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Ritual Behavior

From safari……..

After several years of watching his wife cut off the end of the ham before baking it, he finally asked her why. She responded that her mother always cut off the end of the ham, and that was the way it was supposed to be.

Not accepting “the way it was supposed to be,” the husband called his mother-in-law and asked why she cut off the end of the ham before baking. The response was that her mother cut off the end of the ham.

More curious than ever, the husband called grandma and asked her why she cut off the end of the ham. The answer was that she had a small pan, and that was the only way to get the ham to fit.

Today’s Gospel invites us to examine ritual behavior.

Ritual patterns enable us to enter more deeply into an event because we don’t have to devote much mental energy to figure out what is next. The ritual pattern of the Mass helps us enter profoundly into the mystery of God’s love for us, as we can listen closely to the word of God spoken and in the silence of our hearts.

Yet, ritual action can become more important than the message the ritual is meant to express. “You disregard God’s commandment but cling to human tradition,” Jesus complains to the scribes and Pharisees.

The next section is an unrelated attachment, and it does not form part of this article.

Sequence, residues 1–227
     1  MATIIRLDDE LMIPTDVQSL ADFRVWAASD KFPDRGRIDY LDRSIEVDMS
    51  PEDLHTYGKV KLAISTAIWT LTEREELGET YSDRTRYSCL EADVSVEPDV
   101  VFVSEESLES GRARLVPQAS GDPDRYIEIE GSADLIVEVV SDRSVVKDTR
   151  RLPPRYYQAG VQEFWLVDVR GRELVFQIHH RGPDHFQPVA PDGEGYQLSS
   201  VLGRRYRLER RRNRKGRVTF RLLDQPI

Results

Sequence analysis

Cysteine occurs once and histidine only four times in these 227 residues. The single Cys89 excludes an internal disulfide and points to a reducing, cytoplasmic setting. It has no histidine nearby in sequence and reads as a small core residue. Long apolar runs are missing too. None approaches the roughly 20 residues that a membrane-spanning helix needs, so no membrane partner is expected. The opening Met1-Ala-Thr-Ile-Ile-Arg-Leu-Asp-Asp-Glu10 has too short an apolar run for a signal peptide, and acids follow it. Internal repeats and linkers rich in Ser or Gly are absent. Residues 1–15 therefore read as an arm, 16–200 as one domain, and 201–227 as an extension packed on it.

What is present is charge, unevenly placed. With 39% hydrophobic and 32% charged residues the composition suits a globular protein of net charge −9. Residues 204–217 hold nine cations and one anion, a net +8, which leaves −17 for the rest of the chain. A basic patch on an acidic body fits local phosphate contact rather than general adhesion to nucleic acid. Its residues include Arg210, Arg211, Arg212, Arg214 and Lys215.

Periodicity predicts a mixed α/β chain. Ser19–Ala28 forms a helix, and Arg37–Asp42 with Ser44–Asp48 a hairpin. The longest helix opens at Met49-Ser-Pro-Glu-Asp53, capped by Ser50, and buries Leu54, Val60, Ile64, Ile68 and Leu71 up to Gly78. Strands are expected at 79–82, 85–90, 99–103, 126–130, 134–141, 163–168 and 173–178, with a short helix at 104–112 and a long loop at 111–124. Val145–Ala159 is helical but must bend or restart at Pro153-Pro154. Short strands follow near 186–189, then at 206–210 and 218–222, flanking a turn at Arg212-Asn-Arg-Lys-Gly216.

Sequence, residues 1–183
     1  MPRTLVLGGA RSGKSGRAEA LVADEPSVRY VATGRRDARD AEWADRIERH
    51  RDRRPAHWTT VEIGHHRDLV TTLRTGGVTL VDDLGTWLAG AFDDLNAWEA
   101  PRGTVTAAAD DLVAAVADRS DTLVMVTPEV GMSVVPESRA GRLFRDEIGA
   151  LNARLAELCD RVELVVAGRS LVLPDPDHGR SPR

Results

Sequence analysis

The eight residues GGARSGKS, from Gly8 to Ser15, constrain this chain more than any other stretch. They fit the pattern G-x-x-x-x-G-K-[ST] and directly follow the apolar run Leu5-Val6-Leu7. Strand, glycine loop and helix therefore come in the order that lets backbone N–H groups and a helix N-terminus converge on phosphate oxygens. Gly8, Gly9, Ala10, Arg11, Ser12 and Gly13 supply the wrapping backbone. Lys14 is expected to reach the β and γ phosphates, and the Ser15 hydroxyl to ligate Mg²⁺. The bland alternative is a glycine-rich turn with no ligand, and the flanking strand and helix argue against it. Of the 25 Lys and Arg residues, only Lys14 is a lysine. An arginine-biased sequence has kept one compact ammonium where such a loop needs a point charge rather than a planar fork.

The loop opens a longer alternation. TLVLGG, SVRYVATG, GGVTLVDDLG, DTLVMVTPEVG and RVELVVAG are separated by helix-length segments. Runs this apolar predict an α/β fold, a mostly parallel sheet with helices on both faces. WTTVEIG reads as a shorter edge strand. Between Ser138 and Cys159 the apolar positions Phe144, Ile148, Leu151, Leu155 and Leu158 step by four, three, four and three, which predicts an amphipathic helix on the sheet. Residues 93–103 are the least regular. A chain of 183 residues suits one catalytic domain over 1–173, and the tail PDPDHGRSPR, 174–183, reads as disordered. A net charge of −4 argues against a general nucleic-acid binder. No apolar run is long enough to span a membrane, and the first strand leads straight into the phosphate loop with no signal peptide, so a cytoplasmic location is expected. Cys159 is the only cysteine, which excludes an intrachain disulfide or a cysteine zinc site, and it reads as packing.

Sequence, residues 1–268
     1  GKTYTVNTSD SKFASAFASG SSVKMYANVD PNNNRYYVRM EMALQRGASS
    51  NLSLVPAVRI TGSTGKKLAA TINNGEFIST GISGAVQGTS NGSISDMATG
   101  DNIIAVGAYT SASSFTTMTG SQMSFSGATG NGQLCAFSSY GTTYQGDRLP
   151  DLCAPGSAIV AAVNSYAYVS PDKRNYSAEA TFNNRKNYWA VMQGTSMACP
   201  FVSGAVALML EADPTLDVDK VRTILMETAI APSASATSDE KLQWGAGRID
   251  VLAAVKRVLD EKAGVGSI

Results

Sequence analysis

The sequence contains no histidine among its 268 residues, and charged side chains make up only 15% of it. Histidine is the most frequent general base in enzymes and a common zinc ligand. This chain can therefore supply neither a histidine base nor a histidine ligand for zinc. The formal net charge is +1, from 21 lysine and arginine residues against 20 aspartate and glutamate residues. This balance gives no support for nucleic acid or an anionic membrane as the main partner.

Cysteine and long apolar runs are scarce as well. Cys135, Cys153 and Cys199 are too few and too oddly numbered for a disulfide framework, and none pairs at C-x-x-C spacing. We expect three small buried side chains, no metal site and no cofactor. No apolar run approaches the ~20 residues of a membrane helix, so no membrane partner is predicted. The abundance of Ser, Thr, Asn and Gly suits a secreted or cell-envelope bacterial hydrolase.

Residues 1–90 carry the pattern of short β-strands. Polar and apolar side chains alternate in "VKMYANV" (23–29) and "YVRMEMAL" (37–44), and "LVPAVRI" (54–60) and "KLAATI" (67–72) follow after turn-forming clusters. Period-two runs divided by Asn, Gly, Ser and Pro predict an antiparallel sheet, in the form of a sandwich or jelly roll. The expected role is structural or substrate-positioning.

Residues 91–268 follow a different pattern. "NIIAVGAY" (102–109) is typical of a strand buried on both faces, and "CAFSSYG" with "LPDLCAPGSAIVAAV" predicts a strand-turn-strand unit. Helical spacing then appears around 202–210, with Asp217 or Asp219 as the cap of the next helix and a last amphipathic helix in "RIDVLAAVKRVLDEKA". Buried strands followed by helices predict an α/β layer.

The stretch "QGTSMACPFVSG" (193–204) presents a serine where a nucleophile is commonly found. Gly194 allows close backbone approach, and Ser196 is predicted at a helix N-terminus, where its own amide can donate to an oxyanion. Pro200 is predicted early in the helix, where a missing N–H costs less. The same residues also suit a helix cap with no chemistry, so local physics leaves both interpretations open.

I have heard many a comment on over attachment to human tradition by other priests and liturgists. They will speak about the liturgical police, who are ready to report a deviation from the rubrics. On the other hand, they encounter the chant, “we’ve never done it that way before.”

This over attachment to traditional ways of acting or speaking, can reveal an attachment to personal comfort and an unwillingness to be stretched spiritually. Even as priest, I need to be aware of letting my personal comfort of ritual block other practices that can add meaning to the liturgy for others and of God speaking to my heart.

While well intentioned, the commenter seeking liturgical correctness, can miss God speaking in their heart and the full praise that God is due. The gospel reminds us that ritual can guide us in holiness, but authentic holiness comes from within. Believers cannot remain true in holiness if we allow our piety to devolve into empty external ritual. To guard against this emptiness, we require a daily reconnection with God, with the truth of the word, and with others, whose needs, struggles and sorrows should keep us honest in our striving for wholeness and holiness.

How is God stretching your heart?

Have a blessed week, Fr. Ron.

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